Dividing ASEAN and Conquering the South China Sea
China’s Financial Power Projection
ISBN : 978-988-8455-96-6
276 pages, 6″ x 9″, 7 b&w illus. and 6 tables
The “ASEAN Way” is based on the principle of consensus; any individual member state effectively has a veto over any proposal with which it disagrees. Dividing ASEAN and Conquering the South China Sea analyzes how China uses its influence to divide ASEAN countries in order to prevent them from acting collectively to resolve their territorial disputes with China in the South China Sea. Using comparative case studies of China’s relations with Cambodia, the Philippines, and Myanmar, O’Neill argues that the regime type in the country with which China is interacting plays an important role in enhancing or constraining China’s ability to influence the governments of developing states within ASEAN and globally. Authoritarian institutions facilitate Chinese influence while democratic institutions inhibit that influence.
O’Neill argues that as long as ASEAN includes developing, authoritarian regimes, and given that the United States and other global powers are unlikely to risk any serious conflict over each push of China’s maritime boundaries, little by little, China will assert its sovereignty over the South China Sea. Nevertheless, noting the long-term, global trend of states democratizing, he contends that if China chooses to engage in more sophisticated bilateral politics, such as providing incentives to a broader range of interest groups in democratic states, then China will have more success in projecting its power globally.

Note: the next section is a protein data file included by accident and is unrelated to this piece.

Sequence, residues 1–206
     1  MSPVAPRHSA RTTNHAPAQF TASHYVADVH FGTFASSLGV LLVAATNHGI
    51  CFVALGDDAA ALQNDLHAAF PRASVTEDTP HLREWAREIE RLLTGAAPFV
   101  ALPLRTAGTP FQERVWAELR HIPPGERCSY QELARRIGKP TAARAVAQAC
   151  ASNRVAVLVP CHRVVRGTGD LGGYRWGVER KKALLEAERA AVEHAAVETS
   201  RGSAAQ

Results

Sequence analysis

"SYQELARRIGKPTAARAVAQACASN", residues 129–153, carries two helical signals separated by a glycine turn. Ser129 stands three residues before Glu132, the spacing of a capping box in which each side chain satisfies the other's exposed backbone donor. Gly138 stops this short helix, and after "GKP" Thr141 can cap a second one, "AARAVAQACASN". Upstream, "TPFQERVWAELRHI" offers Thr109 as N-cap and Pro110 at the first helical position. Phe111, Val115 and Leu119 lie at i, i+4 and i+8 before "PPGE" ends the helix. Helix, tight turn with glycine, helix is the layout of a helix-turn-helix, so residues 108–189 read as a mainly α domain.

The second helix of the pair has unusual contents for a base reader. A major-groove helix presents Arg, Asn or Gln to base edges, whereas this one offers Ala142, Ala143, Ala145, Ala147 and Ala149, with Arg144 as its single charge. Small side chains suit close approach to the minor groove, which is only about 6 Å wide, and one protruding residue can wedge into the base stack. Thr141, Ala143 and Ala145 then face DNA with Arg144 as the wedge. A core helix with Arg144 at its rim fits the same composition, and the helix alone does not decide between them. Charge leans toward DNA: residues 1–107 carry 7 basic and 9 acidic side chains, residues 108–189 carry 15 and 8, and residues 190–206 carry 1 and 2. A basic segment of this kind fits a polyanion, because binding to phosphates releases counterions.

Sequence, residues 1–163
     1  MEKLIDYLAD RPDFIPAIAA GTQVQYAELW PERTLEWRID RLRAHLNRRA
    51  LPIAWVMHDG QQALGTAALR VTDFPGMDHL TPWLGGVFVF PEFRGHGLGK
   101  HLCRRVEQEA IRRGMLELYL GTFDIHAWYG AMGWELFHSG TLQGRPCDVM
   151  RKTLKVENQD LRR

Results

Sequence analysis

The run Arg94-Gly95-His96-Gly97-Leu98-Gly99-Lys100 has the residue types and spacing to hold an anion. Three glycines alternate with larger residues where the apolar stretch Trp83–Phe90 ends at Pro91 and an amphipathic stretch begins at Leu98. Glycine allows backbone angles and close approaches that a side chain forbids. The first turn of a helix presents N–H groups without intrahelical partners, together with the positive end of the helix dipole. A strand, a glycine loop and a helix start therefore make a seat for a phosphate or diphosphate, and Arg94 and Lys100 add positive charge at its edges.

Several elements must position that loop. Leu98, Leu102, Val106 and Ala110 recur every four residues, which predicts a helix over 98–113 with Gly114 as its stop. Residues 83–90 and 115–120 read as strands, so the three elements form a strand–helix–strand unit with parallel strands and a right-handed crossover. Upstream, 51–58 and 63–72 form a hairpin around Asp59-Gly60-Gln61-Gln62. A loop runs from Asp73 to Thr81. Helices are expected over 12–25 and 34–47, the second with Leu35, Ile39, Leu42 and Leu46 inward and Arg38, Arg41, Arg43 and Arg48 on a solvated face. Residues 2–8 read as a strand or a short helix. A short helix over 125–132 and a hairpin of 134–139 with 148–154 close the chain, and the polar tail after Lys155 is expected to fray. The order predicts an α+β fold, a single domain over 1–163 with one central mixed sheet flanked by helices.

“Professor O’Neill’s well-crafted and theoretically sound assessment of China successfully dividing ASEAN in pursuit of claims in the South China Sea also shows important variations in China’s regional influence dependent notably on the degree of authoritarianism and democracy in Southeast Asian governments.” —Robert Sutter, professor of practice of international affairs, George Washington University
“There are plenty of books looking at various aspects of the South China Sea issue, but I am not aware of any that duplicates the approach of this book. It is a useful addition to our understanding, both of the specific issue and of the broader theoretical implications which it raises.” —Richard Rigby, professor and executive director, China Institute, the Australian National University